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Kaźmierczak-Barańska, J.;  Karwowski, B.T. Anti-Cancer Properties of Vitamin K. Encyclopedia. Available online: (accessed on 02 December 2023).
Kaźmierczak-Barańska J,  Karwowski BT. Anti-Cancer Properties of Vitamin K. Encyclopedia. Available at: Accessed December 02, 2023.
Kaźmierczak-Barańska, Julia, Bolesław T. Karwowski. "Anti-Cancer Properties of Vitamin K" Encyclopedia, (accessed December 02, 2023).
Kaźmierczak-Barańska, J., & Karwowski, B.T.(2022, November 07). Anti-Cancer Properties of Vitamin K. In Encyclopedia.
Kaźmierczak-Barańska, Julia and Bolesław T. Karwowski. "Anti-Cancer Properties of Vitamin K." Encyclopedia. Web. 07 November, 2022.
Anti-Cancer Properties of Vitamin K

Vitamin K is the common name for a group of compounds recognized as essential for blood clotting. The group comprises phylloquinone (K1)—a 2-methyl-3-phytyl-1,4-naphthoquinone; menaquinone (K2, MK)—a group of compounds with an unsaturated side chain in position 3 of a different number of isoprene units and a 1,4-naphthoquinone group and menadione (K3, MD)—a group of synthetic, water-soluble compounds 2-methyl-1,4-naphthoquinone. However, epidemiological studies suggest that vitamin K has various benefits that go beyond blood coagulation processes. A dietary intake of K1 is inversely associated with the risk of pancreatic cancer, K2 has the potential to induce a differentiation in leukemia cells or apoptosis of various types of cancer cells, and K3 has a documented anti-cancer effect. A healthy diet rich in fruit and vegetables ensures an optimal supply of K1 and K2, though consumers often prefer supplements. Interestingly, the synthetic form of vitamin K—menadione—appears in the cell during the metabolism of phylloquinone and is a precursor of MK-4, a form of vitamin K2 inaccessible in food.

vitamin K anti-cancer ROS

1. Introduction

Natural forms of vitamin K–K1 and K2—have only a low potential for toxicity. Therefore, the National Academy of Sciences and the European Food Safety Authority (EFSA) have not set an upper limit for vitamin K, which indicates that even a high supply will not cause any harmful effects to most people. However, K3 may demonstrate harmful potential: synthetic vitamin K3 can lead to liver damage and destruction of oxygen-carrying red blood cells [1][2]. Nevertheless, despite its harmful effect on humans, vitamin K3 has shown anti-cancer and anti-inflammatory properties in numerous studies. This may indicate that vitamin K has an important preventive role, especially K1, which is converted into menadione in the human intestinal cells [3], in the diet.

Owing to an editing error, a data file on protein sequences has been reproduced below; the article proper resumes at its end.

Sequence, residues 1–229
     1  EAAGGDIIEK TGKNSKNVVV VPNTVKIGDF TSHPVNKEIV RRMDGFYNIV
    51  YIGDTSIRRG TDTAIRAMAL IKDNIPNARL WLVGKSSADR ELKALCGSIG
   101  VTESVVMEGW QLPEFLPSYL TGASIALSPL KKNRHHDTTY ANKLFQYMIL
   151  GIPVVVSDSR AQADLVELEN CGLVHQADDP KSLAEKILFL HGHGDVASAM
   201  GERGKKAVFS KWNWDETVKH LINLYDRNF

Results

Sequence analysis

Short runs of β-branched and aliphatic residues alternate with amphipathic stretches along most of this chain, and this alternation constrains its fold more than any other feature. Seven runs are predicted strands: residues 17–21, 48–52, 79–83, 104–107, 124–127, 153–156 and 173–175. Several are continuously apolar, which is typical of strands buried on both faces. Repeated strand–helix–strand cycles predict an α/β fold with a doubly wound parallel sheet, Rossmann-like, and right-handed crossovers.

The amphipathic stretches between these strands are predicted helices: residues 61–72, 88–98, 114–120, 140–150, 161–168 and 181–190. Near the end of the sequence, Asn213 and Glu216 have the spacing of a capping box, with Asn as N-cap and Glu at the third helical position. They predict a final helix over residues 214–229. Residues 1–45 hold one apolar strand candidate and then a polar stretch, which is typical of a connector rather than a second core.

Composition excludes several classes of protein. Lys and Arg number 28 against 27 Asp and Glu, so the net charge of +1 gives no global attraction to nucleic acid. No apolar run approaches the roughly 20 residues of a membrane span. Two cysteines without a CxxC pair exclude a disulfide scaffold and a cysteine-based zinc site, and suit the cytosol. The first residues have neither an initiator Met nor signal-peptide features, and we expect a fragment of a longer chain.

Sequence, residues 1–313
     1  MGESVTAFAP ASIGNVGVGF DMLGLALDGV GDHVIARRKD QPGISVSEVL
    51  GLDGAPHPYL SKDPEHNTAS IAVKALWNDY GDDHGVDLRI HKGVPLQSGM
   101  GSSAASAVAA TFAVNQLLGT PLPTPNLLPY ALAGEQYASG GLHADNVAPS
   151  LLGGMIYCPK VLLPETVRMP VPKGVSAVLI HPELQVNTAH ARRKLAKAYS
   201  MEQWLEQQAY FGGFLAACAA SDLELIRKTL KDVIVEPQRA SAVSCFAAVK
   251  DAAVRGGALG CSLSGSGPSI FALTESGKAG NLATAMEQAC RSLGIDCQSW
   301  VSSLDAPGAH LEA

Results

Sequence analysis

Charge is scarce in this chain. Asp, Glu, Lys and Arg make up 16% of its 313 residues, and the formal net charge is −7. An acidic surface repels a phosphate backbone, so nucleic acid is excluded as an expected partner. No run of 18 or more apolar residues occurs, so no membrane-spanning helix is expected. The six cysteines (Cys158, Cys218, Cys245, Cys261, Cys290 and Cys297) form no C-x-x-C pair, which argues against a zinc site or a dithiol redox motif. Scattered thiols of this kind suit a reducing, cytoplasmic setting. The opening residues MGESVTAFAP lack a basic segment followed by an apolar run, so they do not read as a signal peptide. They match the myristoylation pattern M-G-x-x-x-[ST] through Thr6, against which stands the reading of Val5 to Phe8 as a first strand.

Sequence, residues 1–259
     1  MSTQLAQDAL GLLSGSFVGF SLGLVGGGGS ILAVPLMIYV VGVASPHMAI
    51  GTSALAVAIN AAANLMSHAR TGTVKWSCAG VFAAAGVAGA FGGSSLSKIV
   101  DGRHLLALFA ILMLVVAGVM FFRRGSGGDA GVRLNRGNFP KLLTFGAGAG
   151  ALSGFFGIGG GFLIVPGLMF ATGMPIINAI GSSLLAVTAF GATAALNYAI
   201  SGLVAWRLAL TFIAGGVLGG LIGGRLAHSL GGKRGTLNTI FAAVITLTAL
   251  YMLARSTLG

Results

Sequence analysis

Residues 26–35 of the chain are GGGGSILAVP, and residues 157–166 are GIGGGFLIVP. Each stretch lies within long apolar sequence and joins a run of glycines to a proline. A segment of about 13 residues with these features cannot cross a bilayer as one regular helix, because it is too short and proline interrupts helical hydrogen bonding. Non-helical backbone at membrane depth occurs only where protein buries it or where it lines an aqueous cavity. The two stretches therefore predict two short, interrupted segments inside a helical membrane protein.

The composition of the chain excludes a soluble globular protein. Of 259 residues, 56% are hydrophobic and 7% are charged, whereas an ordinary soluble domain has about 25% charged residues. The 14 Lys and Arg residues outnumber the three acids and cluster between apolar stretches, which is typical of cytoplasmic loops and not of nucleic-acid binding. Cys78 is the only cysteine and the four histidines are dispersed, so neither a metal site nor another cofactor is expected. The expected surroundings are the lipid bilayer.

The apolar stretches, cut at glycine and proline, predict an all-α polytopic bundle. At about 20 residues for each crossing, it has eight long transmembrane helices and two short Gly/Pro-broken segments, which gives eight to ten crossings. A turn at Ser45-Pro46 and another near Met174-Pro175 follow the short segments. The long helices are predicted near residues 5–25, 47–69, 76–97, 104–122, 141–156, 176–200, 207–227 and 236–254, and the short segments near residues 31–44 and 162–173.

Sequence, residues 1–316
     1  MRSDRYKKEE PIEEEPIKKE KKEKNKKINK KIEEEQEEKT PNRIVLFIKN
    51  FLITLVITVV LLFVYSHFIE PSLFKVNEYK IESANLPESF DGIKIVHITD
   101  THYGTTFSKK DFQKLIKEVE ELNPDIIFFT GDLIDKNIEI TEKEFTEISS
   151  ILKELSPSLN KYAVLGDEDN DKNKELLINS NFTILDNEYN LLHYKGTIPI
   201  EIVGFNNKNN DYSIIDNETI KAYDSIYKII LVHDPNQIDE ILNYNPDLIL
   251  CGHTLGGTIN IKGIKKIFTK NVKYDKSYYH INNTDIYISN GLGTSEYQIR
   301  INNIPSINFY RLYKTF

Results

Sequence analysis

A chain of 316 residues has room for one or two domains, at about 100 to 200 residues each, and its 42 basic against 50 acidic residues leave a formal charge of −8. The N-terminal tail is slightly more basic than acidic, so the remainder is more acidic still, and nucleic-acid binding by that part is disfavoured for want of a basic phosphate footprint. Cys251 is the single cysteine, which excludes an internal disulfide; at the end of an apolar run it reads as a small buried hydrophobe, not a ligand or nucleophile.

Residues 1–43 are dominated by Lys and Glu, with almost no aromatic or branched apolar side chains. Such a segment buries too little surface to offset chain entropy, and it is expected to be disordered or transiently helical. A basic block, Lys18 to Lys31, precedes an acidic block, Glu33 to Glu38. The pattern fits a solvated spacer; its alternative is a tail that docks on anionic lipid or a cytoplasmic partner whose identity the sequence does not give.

2. DNA Damage

Menadione, a product of phylloquinone metabolism, can participate in redox reactions and generates reactive oxygen species (ROS), which then leads to damage to DNA and other macromolecules. ROS production plays a primal and important role in menadione-mediated DNA damage. Quinones generate semiquinones by single-electron reactions or hydroquinones in the two-electron reaction [4]. The semiquinone (SQ) is a partially reduced free radical form (Q•) that can be re-oxidized by molecular oxygen (O2 to generate O2−), so semiquinones can effectively contribute to the formation of superoxides in biological systems [5]. Like another quinone, doxorubicin, menadione exerts its cytotoxic effects by stimulating the generation of oxidative stress, leading to DNA damage [6].
Ngo et al. showed that when applied in cytotoxic doses, menadione induces the formation of ssDNA (SSB) and dsDNA (DSB) breaks in breast cancer cells (MCF-7) [6]. Researchers have shown that the number of DNA breaks is directly proportional to the concentration of menadione and is directly related to the level of ROS. Similar results were noted for the K562 line of chronic myeloid leukemia, where low concentrations of menadione resulted in an increase in the number of SSBs [7]. DNA breaks appeared as early as five minutes after exposure of cells to 15 µM menadione. Interestingly, damage repair was more impaired after incubating cells with menadione than with another quinone (2,3-dimethyl-1,4-naphthoquinone). The authors suggest that quinones induce cytostasis while maintaining the integrity of cell membranes. Low, non-toxic concentrations of menadione can generate DNA-damaging ROS in close proximity to DNA [8] in the presence of Fe2+; ssDNA breaks are a signal that activates the poly ADP ribose polymerase (PARP1) [9][10], which consumes the cellular NAD+ pool and activates the BER DNA repair process [7]. This results in metabolic exhaustion and a significant inhibition of cell proliferation.
Later studies on cardiomyocytes by Loor et al. confirmed the potential of menadione to produce rapid and significant oxidative stress in various subcellular compartments [9]. After an incubation of 25 min, menadione (25 µM) caused oxidation of RoGFP (the radiometric redox sensor), reaching 75% in the cytosol and 85% in the mitochondrial matrix; compared to the initial—reducing conditions, in the cytosol, RoGFP oxidation averaged from 20 to 30%. Moreover, during a four-hour incubation period, a decrease in the mitochondrial membrane potential was observed, reaching 39% of the initial value. Studies on PARP-1 -/- murine embryos confirmed that PARP1 activation is an important component of the menadione-induced death pathway. Subsequent tests conducted on the Fuchs’ corneal dystrophy (FECD) using menadione as oxidative stress in normal endothelial cell lines (HCERC-21T and HCECE) showed that menadione damages not only nuclear DNA (nDNA), but also mitochondrial DNA (mtDNA) [18]. Menadione induces various dysfunctions in MT, such as depolarization of the MT membrane, a change in organelle morphology, and at higher concentrations (50 and 100 μM) ATP depletion. After a six-hour incubation period, the release of cytochrome C into the cytosol and the cutting of procaspase nine and three were observed. These processes are accompanied by an increase in Ca2+ concentration in the cellular cytosol [19], which is an important secondary messenger in controlling cell death [20][21]. Menadione undergoes redox cycles, induces ROS generation, and repairs DNA without showing any carcinogenic potential [22]. In pancreatic acinar cells, it was observed that the application of 30 μM menadione triggered a marked and significant increase in ROS levels immediately after exposure to menadione [23]. Menadione generates acute ROS production and promotes the opening of permeability transition pores, and induces Ca2+ fluctuations in pancreatic acinar cells, thus promoting programmed cell death [19][23]. A similar mechanism of action is demonstrated by K2: treatment of K2 human ovarian cancer cells results in the production of peroxides and H2O2 and induction of apoptosis resulting from K2-mediated depolarization of mitochondrial membranes [24].